On BBC Radio Ulster’s show Talkback on June 9, during a discussion about the impact of Brexit and EU funding on Northern Ireland, Dr Ben Habib said:

“I feel really bad for Northern Ireland. When I think of the difficulties Northern Ireland faces, all I have to think about is the time it takes to go by train from Londonderry to Belfast. A trip of 70 miles takes 2 hours 20 minutes. That’s the same speed at which trains travelled in Victorian times.”

This isn’t correct.

According to timetables from July 1900, the quickest time for a train to get from Derry/Londonderry to Belfast was 2hrs 55mins. This is 43 minutes longer than today’s trains, which take 2hrs 12mins.

The journey, both then and now, follows around 95 miles of rail track.

However, while the overall route may be similar, one thing has changed a lot: the number of stops.

  • Timetables

This check looks at the times different trains take to travel between Derry/Londonderry and Belfast, including all stops. It is not a simple comparison of the top speeds of modern and Victorian trains. Considering the average speed over a given journey, including stops, makes more sense – because this reflects the experience of passengers.

Given that the length of the track between the two cities is around 95 miles, and the two journey times cited above – 2hrs 55mins in 1900; 2hrs 12mins today – a simple calculation (speed = distance/time) gives the following average speeds:


Images Courtesy of National Museums Northern Ireland

However, that’s not the whole story. Because, in Victorian times, there were generally a lot more stops.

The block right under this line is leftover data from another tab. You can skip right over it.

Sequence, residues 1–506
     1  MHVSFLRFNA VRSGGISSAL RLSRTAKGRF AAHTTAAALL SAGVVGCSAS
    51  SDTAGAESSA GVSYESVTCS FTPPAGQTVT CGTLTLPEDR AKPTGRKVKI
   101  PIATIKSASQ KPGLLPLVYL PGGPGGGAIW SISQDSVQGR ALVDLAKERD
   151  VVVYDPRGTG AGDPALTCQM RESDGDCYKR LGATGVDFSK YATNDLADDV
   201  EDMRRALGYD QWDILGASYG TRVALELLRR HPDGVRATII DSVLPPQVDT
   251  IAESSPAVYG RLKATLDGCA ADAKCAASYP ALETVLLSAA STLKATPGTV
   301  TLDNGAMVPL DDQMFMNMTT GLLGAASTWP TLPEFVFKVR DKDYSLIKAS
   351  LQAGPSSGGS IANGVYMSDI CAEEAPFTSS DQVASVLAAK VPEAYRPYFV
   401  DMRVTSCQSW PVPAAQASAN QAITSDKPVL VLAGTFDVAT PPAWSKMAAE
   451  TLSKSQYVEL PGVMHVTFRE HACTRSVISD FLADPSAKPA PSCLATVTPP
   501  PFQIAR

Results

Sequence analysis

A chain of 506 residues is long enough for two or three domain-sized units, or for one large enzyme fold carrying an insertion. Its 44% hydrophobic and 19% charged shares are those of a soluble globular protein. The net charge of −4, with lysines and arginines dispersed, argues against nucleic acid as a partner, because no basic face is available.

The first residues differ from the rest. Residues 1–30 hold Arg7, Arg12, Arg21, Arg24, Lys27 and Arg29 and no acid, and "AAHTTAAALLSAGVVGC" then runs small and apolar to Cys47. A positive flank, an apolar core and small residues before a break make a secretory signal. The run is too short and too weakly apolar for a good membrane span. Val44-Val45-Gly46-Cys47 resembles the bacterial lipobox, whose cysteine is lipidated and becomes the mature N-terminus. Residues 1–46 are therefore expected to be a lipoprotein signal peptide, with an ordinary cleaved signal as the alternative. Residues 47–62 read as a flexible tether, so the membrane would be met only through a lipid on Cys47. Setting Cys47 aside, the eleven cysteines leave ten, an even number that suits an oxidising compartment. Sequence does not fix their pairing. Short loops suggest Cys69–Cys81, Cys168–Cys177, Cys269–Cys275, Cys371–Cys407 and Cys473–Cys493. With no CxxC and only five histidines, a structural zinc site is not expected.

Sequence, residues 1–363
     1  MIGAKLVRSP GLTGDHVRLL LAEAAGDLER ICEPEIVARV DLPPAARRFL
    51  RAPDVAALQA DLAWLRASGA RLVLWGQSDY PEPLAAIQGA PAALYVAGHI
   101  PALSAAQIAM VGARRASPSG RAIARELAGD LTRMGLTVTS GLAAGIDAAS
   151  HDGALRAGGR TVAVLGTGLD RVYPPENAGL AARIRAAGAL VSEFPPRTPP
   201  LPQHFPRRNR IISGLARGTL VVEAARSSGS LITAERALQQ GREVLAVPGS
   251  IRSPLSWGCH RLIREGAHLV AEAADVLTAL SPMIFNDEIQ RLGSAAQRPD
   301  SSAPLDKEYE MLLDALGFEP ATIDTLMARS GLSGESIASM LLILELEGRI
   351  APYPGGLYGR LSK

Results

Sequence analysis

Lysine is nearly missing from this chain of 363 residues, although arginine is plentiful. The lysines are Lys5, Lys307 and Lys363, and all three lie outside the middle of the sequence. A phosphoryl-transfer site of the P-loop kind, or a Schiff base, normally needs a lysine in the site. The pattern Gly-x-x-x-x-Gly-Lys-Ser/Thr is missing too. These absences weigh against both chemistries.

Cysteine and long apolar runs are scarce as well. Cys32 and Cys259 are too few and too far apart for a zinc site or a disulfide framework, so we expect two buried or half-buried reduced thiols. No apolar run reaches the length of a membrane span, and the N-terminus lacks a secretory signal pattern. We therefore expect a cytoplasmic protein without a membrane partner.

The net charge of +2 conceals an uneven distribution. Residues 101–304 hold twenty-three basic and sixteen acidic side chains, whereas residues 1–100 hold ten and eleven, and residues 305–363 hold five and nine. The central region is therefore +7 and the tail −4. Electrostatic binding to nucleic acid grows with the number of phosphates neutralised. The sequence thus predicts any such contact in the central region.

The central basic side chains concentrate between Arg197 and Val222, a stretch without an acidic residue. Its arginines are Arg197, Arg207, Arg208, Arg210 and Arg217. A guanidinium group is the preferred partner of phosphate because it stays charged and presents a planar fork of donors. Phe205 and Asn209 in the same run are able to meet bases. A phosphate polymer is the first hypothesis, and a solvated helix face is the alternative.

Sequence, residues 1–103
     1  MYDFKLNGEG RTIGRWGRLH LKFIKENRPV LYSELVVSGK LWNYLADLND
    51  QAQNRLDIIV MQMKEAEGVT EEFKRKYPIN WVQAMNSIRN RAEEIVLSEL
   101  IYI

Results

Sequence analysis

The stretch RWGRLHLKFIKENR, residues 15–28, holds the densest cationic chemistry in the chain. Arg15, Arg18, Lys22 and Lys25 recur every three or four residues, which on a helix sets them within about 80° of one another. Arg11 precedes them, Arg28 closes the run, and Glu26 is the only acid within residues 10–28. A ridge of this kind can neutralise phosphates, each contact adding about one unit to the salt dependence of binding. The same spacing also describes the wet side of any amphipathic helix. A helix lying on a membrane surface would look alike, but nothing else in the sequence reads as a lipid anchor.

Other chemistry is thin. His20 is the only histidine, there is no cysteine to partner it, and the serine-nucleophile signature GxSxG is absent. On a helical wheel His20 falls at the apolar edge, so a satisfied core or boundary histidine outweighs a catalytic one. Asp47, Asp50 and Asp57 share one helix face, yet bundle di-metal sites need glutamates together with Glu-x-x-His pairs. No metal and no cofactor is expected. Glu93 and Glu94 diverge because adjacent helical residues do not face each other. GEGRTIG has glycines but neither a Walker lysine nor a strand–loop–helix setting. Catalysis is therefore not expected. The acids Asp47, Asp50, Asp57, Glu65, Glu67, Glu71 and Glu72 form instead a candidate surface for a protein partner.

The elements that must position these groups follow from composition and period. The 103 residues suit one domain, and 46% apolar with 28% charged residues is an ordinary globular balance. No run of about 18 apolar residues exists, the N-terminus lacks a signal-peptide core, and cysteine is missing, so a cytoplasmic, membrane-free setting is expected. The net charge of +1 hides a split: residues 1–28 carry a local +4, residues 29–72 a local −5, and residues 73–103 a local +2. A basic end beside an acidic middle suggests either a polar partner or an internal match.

• Context

The Derry/Londonderry to Belfast train route was linked up in 1852, bridging the final connection between Coleraine and Derry/Londonderry that broadly encompasses the same route of the train track today in 2022. While the route is largely the same, the number of stops differs widely – with many more stops available in the 1900 route.

Indeed, throughout the 1800s train stops were so ubiquitous that there were constant route changes.

For example, as Steven Johnson notes in his book Lost Railways of County Derry, the Magilligan to Magilligan Point route earned notoriety as the shortest-lived passenger line in Ireland, functioning only from June – October 1855.

  • The stops gap

Obviously, as a rule, the more stops a route has, the longer it takes for trains to complete a journey.

The effect can be significant. If we consider the 1855 timetable (see image below), it is possible to deduce the average speed of trains and compare those.

  • A train in 1855 took 15 minutes to travel the 6 and ¾ miles from Coleraine to Castlerock (including a stop at the Barmouth) = 27 MILES PER HOUR
  • A train in 2022 takes 8 minutes to get from Coleraine to Castlerock (Barmouth stop has been closed) = 50 MILES PER HOUR

That is one stop, in isolation, and this effect should not be extrapolated over the whole journey.

Image via Foyle & District Model Railway Society

Sources for this fact check include:

  • Ireland (part I.): Northern Counties, Including Dublin and Neighbourhood, Part 1 MJB, Baddeley (London: Soho Square, 1890)
  • Lost Railways of County Derry, by Steven Johnson (Catrine : Stenlake, 2002)

Archival photographs from the Ulster Folk and Transport Museum, with kind permission of National Museums Northern Ireland, and Foyle & District Model Railway Society Facebook. With thanks to Ciarán Cooney at the Irish Railway Archives; the Irish Railway Record Society, Heuston Station, Dublin; and the Foyle Valley Railway Museum.